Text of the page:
For information only - not an official document.
Press Release No: UNIS/GA/1648
Release Date:  19  June 2000
Assembly President Calls on States that Have Not Yet Done So
To Become Parties to Anti-Desertification Convention

 NEW YORK, 15 June (UN Headquarters) -- Following is the text of the message of General Assembly President Theo-Ben Gurirab (Namibia) on the occasion of the World Day to Combat Desertification and Drought:

Over 1.2 billion of the world’s people, who depend on the land for most of their needs, live in areas affected by desertification.  This degradation of the land is closely linked with poverty, famine, armed conflicts and recurrent drought.

Desertification affects more than 110 countries, occurring in arid, semi-arid and dry sub-humid areas as a result of various factors, including climatic variations and human activities.  The problem is global, and it is only through concerted efforts that we will rid the world of this major environmental and developmental problem.

To promote awareness of the need for international cooperation to combat desertification and its devastating consequences, the General Assembly, in 1994, proclaimed 17 June as World Day to Combat Desertification and Drought.  That date marked the adoption, in Paris, of the United Nations Convention to Combat Desertification in those countries affected by desertification and/or drought, particularly in Africa.  The Convention entered into force in 1996.

Today, there are 167 country Parties to the Convention, including all African, European and most Asian, Latin American and Caribbean countries.  That high number is an indication that States are setting a fine example for the rest of the international community to get involved in confronting desertification, recurrent drought and land degradation -– all of which are hampering concerted efforts of many countries to overcome serious problems relating to economic growth, wealth creation and sustainable development.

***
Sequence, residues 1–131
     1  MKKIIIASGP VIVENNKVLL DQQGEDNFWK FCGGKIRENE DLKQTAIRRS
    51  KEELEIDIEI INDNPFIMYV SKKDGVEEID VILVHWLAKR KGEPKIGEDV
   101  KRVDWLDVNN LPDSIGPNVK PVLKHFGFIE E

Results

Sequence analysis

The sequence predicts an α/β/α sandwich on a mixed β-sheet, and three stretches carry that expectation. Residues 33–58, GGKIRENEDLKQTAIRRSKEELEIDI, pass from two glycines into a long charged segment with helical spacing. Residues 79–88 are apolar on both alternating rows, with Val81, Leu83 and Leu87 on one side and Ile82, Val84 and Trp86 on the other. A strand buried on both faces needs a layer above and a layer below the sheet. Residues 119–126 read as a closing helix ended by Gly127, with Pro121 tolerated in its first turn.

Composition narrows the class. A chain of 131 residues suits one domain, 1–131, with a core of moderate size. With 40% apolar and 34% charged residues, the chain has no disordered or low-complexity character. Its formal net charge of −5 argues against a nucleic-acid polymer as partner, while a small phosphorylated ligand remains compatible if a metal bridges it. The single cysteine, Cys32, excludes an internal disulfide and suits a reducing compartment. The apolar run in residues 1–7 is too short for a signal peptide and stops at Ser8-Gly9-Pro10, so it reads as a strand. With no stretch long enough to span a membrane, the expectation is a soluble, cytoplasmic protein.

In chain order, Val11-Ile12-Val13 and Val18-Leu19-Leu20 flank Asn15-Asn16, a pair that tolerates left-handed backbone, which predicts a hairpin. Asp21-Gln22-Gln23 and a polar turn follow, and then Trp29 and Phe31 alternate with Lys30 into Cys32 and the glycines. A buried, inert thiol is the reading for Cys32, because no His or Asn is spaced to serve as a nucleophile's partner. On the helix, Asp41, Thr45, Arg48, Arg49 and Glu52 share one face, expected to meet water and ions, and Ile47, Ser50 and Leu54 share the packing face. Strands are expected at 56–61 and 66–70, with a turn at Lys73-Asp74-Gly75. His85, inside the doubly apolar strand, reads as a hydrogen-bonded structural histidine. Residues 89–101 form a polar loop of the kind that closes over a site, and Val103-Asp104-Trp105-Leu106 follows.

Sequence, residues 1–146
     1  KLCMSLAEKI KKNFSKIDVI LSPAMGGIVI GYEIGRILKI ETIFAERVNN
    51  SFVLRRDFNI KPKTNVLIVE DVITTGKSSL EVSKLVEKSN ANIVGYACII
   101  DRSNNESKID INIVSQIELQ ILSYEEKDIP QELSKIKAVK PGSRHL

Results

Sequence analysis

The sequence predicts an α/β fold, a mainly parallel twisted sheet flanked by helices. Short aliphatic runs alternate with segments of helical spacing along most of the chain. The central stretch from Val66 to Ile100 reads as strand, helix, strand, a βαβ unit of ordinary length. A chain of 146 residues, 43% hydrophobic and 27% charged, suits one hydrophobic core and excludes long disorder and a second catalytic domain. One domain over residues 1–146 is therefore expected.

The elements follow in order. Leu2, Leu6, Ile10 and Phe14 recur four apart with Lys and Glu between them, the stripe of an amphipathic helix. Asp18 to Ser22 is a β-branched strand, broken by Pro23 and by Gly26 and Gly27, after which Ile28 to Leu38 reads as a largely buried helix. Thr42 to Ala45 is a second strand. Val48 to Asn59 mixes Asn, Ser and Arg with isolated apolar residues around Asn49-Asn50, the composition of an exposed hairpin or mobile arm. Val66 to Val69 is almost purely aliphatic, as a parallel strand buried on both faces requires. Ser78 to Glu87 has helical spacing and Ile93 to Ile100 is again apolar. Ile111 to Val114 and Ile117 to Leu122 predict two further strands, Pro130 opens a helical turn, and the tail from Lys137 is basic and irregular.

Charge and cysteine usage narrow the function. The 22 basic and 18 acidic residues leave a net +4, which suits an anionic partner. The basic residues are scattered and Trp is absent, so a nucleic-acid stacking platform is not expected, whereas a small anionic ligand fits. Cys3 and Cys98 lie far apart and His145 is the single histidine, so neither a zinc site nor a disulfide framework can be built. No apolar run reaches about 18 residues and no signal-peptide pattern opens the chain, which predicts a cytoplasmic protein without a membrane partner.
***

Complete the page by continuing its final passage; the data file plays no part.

Cooperation at all levels, including the strong involvement of civil society, is a key element in the fight against desertification and drought.  I, therefore, wholeheartedly endorse the many activities and initiatives at the local, national, subregional, regional and interregional levels to elaborate and implement action programmes, in the framework of the Convention.

In that context, I am heartened to note that South-South cooperation is emerging as a major factor in anti-desertification strategies, one example being the Second Africa/Latin America and the Caribbean Forum on the implementation of the Convention to Combat Desertification, held at Bamako, Mali, in March.  A similar process is also under way between Asia and Africa.  And later this year, from 11 to 22 December, representatives from country Parties to the Convention will meet at Bonn, Germany, for the fourth session of the Conference of the Parties to the Convention, aimed at promoting international efforts to combat desertification and mitigate its destructive effects.

At the third session of the Conference, held at Recife, Brazil, last November, I reaffirmed the commitment of the United Nations and its General Assembly to help combat the menace of desertification, which seriously threatens the livelihoods of hundreds of millions of people.  I do so again today, as we observe this World Day to Combat Desertification and Drought.

At Recife, I appealed to Parties to the Convention to complete the ratification process, thereby making adherence to the Convention universal.  I also invited the developed countries, the specialized agencies, civil society and all other stakeholders to devise workable measures to promote its effective implementation.  Such implementation, it goes without saying, must be linked to capacity-building, financing and technological know-how; in other words, the necessary resources must be mobilized.

Today, I appeal to the remaining 26 Member States of the United Nations that have not yet done so, to join the rest of the international community in becoming parties to the Convention.

Let me reiterate what I said at Recife, and which remains valid today:  there will be neither sustainable development, nor environmental protection, nor improvement in the climate for future generation, nor preservation of the biodiversity, if we do not protect the earth from desertification and its political, moral, economic and social consequences.  In this undertaking, all levels of society must actively participate.

On this World Day, I pledge, as President of the United Nations General Assembly, and as a citizen of a country, Namibia, which is affected by these twin scourges, to continue to do my utmost towards combating desertification and mitigating its devastating effects.

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